There is much talk in Delhi about the trial period of the odd-even rule. The objective of the move was to reduce traffic and pollution. The trial lasted 15 days and although the jury is still out about whether the air was cleaner, there is broad consensus that congestion on the roads was reduced.

This may result in a quick conclusion that the reason for the traffic mess is that we have too many vehicles on the road. That would be a leap of faith. Sure, fewer vehicles would always lead to less congestion. But that is only part of the problem.

What can be done

A framework we can use is to look for structural and behavioural reasons. There are many structural reasons for the mess on our roads. The roads are not wide enough, potholes cause people to drive erratically, lack of pavements or their diversion to other uses puts pedestrians on the road, vehicles of different speeds compete for the same space, and so on.

We pay more attention to these structural causes as they deal with the ‘other,’ and they are relatively easier to fix. Sometimes structural solutions can be used to fix behavioural problems. Bengaluru likes to put layers of roads one on top of the other! We put up dividers on the road because traffic does not stick to its side of the road. We put speed breakers because people do not follow the signs stipulating a lower speed limit.

An examination of the behavioural side of the problem is ignored as it requires introspection. How do we drive? Take a simple example of sticking to lanes. This is meant to ensure that there is a steady flow of traffic to handle the volume. When traffic moves steadily, a larger volume can be cleared at a point as compared to a situation when there are interruptions to a flow. Any student of operations management would have solved problems of this nature using first semester linear programming models. Traffic on US roads often backs up for several miles just because the drivers suddenly slow down to view an accident in a lane in the opposite direction.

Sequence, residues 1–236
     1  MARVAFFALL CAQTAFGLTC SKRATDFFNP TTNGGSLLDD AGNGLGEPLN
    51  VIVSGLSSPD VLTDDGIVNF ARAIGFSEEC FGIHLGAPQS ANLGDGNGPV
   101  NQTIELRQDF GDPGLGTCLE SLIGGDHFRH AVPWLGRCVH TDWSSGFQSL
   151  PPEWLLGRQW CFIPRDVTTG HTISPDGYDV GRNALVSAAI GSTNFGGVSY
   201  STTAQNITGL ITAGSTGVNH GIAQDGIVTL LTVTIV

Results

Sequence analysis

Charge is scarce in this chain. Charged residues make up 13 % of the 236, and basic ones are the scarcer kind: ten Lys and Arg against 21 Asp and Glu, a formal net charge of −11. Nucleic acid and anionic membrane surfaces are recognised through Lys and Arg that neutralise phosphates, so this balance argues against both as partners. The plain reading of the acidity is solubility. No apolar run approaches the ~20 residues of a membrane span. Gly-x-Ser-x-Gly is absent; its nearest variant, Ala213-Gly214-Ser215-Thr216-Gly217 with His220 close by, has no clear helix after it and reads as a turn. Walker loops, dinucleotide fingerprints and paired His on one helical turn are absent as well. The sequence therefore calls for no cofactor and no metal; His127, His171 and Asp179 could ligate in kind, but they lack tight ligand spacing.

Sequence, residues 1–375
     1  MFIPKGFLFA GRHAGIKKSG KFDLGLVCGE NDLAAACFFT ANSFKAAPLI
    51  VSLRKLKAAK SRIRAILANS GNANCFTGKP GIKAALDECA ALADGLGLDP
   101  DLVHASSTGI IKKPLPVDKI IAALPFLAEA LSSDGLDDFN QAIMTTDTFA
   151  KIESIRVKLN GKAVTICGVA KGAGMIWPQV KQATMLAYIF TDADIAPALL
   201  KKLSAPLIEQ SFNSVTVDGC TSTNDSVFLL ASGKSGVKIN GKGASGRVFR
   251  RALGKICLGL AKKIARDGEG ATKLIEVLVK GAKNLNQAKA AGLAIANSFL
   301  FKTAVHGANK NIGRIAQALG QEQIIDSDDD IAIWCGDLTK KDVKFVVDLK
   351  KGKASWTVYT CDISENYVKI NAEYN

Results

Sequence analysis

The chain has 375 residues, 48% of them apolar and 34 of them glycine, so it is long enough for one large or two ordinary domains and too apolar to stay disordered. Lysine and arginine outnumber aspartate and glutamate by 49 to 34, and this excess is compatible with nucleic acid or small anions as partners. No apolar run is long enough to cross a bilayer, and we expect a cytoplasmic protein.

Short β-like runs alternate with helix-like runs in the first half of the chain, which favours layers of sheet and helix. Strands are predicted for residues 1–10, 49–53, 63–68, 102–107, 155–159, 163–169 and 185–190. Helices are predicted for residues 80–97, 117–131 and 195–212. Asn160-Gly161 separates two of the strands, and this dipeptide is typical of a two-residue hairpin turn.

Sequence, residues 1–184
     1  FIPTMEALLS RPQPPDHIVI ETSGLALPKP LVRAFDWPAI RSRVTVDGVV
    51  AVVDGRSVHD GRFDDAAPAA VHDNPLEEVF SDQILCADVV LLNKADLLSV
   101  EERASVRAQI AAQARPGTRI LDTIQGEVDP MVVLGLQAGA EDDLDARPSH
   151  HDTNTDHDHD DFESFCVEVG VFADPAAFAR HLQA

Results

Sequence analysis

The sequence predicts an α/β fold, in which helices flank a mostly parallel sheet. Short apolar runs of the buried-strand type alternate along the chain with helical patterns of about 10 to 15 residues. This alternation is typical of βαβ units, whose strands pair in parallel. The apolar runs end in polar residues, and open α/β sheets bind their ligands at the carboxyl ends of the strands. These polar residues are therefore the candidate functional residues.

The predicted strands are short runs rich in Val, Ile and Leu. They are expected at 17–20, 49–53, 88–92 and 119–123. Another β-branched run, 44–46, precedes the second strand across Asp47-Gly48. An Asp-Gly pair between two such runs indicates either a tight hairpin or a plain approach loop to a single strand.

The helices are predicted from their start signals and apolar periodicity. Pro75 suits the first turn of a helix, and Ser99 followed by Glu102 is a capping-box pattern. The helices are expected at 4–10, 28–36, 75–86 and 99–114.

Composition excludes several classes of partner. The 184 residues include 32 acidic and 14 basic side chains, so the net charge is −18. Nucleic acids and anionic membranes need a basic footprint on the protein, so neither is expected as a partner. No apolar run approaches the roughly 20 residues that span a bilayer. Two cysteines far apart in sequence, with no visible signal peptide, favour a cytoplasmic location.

An observer of Indian roads will find several behavioural dysfunctionalities causing obstructions to flow. The desire to get ahead of the vehicle in front makes people weave which interrupts flow. At a traffic light, vehicles squeeze between lanes to get to the front of the line and they are usually the slower moving traffic and hence the entire flow is disrupted. Slower moving traffic occupy all lanes causing faster moving traffic to constantly switch lanes. These behavioural issues are harder to fix. A few signs in English that say ‘Observe lane discipline’ do not help since few understand what ‘lane discipline’ means, even if they can read English.

Behavioural change requires multi-faceted interventions. Public-interest advertising that show the right and wrong way and explaining why, is required. Traffic wardens are needed to pull violators aside and explain to them their errors, perhaps give them a hand-out and even fine, if necessary. Children in schools need to be taught road rules so they watch over the adults and become better drivers when they grow up. The curriculum of driving schools needs to be audited. Taxi and commercial vehicles need to be given material to help in driver training. All of this requires concerted effort and coordination across several agencies. And it takes time.

The writer is a professor at Jindal Global Business School, Delhi NCR and at Suffolk University, Boston